Whitley: Gators came up clutch in late going to down Wildcats

David Whitley
Gator Sports
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Florida's Anthony Duruji dunks near Kentucky's Keion Brooks Jr. (12) and Devin Askew (2) during the first half Saturday in Lexington, Ky.

Admit it, you feared the worst.

There were five minutes left in Florida's game against Kentucky. The Gators led by three points, but you'd seen this movie before.

In the final few scenes, Florida forgets its lines and the opponent rides triumphantly into the sunset.

Not this time.

The Gators remember their lines. Or more precisely, they remembered how to take care of the ball. The result was a 71-67 win that might do a lot for Florida's psyche.

I say "might" because you never know with this team. Just when it seems to be taking three steps forward it takes two-and-half steps back.

One of its biggest flaws is turnovers. Going into Saturday's game at Rupp Arena, the Gators ranked 260th in the nation in assist-to-turnover ratio. That's a killer stat at crunch time, as anyone whose watched this team can attest.

Florida came in with a two-game winning streak, but they were sloppy victories. That's why it was time to cover your eyes with five minutes left.

The Gators led 62-59, but they turned the ball over and Kentucky got a fast-break dunk.

Next possession — ditto.

It was the 10th turnover of the half. If Rupp Arena had had a crowd Saturday, the roof would have been shaking.

COVID-19 protocols took care of that problem. As for the Gators' problem, Tre and Tyree Appleby were the elixir.

Mann hit a clutch 3-pointer and some free throws, while Appleby made a dazzling defensive play when he threw the ball off a Kentucky player's leg as he was falling out of bounds.

"We had a couple of turnovers at the end," Mann said. "But I feel like the last two minutes the whole team took care of the ball a little more, and we had a little bit more composure."

Does that mean composure is here to stay? Who knows with this team. But extending a winning streak by beating Kentucky is never a bad thing.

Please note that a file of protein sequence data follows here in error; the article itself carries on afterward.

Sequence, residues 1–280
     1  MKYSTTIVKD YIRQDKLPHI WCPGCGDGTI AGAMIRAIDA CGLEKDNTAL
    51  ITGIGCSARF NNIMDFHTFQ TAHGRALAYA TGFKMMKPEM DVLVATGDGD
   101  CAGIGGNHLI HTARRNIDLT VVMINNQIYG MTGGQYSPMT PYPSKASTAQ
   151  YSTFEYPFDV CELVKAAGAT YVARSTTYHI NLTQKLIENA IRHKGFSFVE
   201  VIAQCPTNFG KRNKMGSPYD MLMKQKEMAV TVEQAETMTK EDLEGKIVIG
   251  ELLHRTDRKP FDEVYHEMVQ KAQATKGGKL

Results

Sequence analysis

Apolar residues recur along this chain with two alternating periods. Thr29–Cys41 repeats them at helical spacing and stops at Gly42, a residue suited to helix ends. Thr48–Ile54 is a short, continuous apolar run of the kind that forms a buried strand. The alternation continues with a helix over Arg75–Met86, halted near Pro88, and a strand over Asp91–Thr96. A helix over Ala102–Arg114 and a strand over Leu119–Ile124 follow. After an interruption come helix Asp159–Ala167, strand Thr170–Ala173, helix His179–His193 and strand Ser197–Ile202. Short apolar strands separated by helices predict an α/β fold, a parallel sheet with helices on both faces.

"To win at Rupp Arena under any circumstances is a pretty neat thing," coach Mike White said.

To be fair, this is not your father's Kentucky team. It might be closer to your great-great-grandfather's Kentucky team.

The last time the Wildcats had a losing season and single-digit wins was 1927. That team went 3-13, though one of those victories was over the Gators. Coach Basil Hayden was relieved of his duties after one season.

Kentucky's only other losing season in the past 94 years came in 1989. Coach Eddie Sutton resigned after that 13-19 clunker.

Normally, it's not polite to kick a program when it's down. But this opportunity literally comes around about as often as Halley's Comet. And there's a special joy in watching a John Calipari team flail like a freshly-caught fish on a hot pier.

The Wildcats had the No. 1 recruiting class, but Calipari's One-and-Done approach finally backfired this year. First-year players like Cam'ron Fletcher, Lance Ware and Dontaie Allen played like rookies.

But talent is talent, and Kentucky's slowly figuring it out. Calipari's team came in with a three-game winning streak, including a 15-point win over Tennessee.

"We faced some difficult times this year. But we’ve weathered the storm, and I think we’re coming out the other side better than we came in," guard Riley Welch said.


Now things are a little more stormy in Lexington, though don't expect Calipari to go the way of Hayden anytime soon.

As for the Gators, is the turnover spell finally broken?

"It's getting better every game," Mann said. "As long as we do that, we've got a chance to win every game."

You still have to fear the worst in the final five minutes. But after games like Saturday, you can also cover your eyes and hope for the best.

— David Whitley is The Gainesville Sun's sports columnist. Contact him at dwhitley@gannett.com. And follow him on Twitter: @DavidEWhitley

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